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Do Anti-Aging Products Really Work?

Do Anti-aging products work
Photo Credit: Athena

We all know there’s no fountain of youth that will turn back time when it comes to beauty. Even so, the cosmetic industry pushes a large number of products that are overhyped and come with exotic ingredients that claim to be the solution to every skin problem, including anti-aging. But, the question remains, do any of these products actually work? So, let’s discuss what causes aging and whether skincare can help to reverse it.

What Causes Aging?

Aging is caused in two ways: Exposure to the sun and the passage of time. Aging that occurs naturally over time is called chronoaging. This type of aging is associated with fine lines, thinning skin, and loss of elasticity. Aging caused by external factors like UV rays is called photoaging and leads to deeper wrinkles, sun spots, and sagging. 

In the deepest layers of our skin, there are proteins such as collagen and elastin that are essential for supporting its structure and elasticity. However, after excessive and continuous exposure to UV radiation, sugar in our diet, smoke, and contamination, these proteins are the most affected and their breakdown is why skin beings to age in the first place. 

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Evidence-based Anti-Aging Skincare

First, it’s important to understand that no miracle face cream can reverse time. With that cleared up, we can discuss active ingredients that have been clinically tested and have some solid scientific evidence behind them. 

Retinoids

Retinoids include retinoic acid, retinaldehyde, and retinol. Several clinical studies have shown that retinol is effective in reducing wrinkles when used at concentrations between 0.1% and 1%.  They work by penetrating the skin and working their way into the keratinocytes and fibroblasts, which are the cells located at the upper layers of the skin. Once inside cells, retinoids bind to specific receptors as a way to “communicate” with them and initiate some cellular processes. These processes include an acceleration of cell turnover, stimulation of collagen production, and glycosaminoglycan (hyaluronic acid) deposition.  As a result, retinoids help reduce the appearance of fine lines and wrinkles and achieve younger-looking skin.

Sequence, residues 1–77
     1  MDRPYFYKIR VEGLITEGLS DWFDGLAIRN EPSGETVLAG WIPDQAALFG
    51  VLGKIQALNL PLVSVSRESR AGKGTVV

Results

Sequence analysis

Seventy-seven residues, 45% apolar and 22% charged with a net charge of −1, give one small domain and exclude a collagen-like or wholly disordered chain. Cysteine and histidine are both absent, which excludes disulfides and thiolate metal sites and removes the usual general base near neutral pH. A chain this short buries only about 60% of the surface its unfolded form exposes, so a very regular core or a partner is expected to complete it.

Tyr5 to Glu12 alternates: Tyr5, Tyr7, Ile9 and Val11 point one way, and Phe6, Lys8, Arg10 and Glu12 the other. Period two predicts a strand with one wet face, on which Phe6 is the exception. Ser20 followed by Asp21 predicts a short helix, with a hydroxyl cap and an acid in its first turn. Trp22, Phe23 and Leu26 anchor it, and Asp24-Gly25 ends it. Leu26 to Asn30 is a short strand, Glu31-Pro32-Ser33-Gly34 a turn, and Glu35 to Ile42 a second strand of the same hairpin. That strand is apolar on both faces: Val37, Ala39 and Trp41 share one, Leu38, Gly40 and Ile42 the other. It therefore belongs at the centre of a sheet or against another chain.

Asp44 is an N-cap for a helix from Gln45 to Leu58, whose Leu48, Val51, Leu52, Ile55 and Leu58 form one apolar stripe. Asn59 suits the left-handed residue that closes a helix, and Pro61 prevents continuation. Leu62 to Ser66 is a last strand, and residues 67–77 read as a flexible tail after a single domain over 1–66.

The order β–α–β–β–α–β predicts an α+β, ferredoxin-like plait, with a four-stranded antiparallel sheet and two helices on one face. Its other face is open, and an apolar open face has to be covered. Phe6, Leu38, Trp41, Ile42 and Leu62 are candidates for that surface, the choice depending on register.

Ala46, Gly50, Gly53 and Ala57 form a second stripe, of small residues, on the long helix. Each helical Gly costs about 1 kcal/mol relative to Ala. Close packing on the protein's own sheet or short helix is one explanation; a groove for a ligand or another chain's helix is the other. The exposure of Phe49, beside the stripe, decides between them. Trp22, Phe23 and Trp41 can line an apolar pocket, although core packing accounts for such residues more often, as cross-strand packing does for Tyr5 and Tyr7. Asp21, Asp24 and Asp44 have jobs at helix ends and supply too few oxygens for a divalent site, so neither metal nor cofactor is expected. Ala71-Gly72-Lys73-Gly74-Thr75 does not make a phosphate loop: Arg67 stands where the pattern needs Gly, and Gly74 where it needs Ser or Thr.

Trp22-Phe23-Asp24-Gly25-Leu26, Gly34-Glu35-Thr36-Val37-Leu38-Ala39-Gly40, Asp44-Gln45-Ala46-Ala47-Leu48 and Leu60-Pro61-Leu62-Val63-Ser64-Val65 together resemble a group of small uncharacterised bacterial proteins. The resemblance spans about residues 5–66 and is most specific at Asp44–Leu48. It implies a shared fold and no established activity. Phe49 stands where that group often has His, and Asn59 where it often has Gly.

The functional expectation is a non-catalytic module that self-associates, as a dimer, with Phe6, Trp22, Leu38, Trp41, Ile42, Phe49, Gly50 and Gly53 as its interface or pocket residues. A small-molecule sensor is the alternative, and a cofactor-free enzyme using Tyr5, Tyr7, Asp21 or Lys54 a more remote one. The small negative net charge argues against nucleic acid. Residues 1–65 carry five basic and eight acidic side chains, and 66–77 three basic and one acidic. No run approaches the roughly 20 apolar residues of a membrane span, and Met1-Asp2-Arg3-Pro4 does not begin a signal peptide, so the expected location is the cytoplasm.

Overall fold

Peptides

Peptides are short chains of amino acids that are the building blocks of protein. You can think of them as little messengers to skin cells, sending messages that stimulate collagen production and inhibit its breakdown. Over the years, companies have developed many peptides that are now used in cosmetics, but studies supporting their effectiveness are still unclear and sparse. Some peptides that have been shown to be effective through clinical studies are copper peptides, Matrixyl 3000, and Argereline. 

Alpha-hydroxy acids (AHAs

AHAs are chemical exfoliants that work by breaking down the ‘glue’ that holds cells together at the surface of the skin, which increases the skin’s cell renewal rate and helps achieve brighter, healthier skin. They have been extensively studied and the evidence confirms their efficacy to significantly improve skin texture, increase skin thickness and reduce the appearance of wrinkles and hyperpigmentation.

So, Should We Use Anti-Aging Products?

Although these ingredients can help reduce the signs of skin aging, none of them will completely reverse the skin’s aging process. The best approach is to prevent the damage from occurring in the first place; Skincare and sunscreen can help with this.

Moreover, when it comes to preventing aging, lifestyle factors matter too! Studies have shown that a diet high in sugar and smoking tobacco are both bad for your health and can negatively impact your skin’s appearance. Ultimately, when wrinkles are pronounced, in-office procedures such as botox, laser therapy, and micro-needling treatment can provide more dramatic results in a shorter amount of time than skincare. 

Have you already included anti-aging products in your skincare routine? Let us know in the comments.

Gabriela Manrique
Gabriela Manrique

Gabriela Manrique is a biotechnology engineer with a Master’s degree in Translational Cosmetics and Dermatological Sciences that loves to write about the science behind beauty and skincare products. She’s here to help you find out which products and procedures are worth buying and trying!

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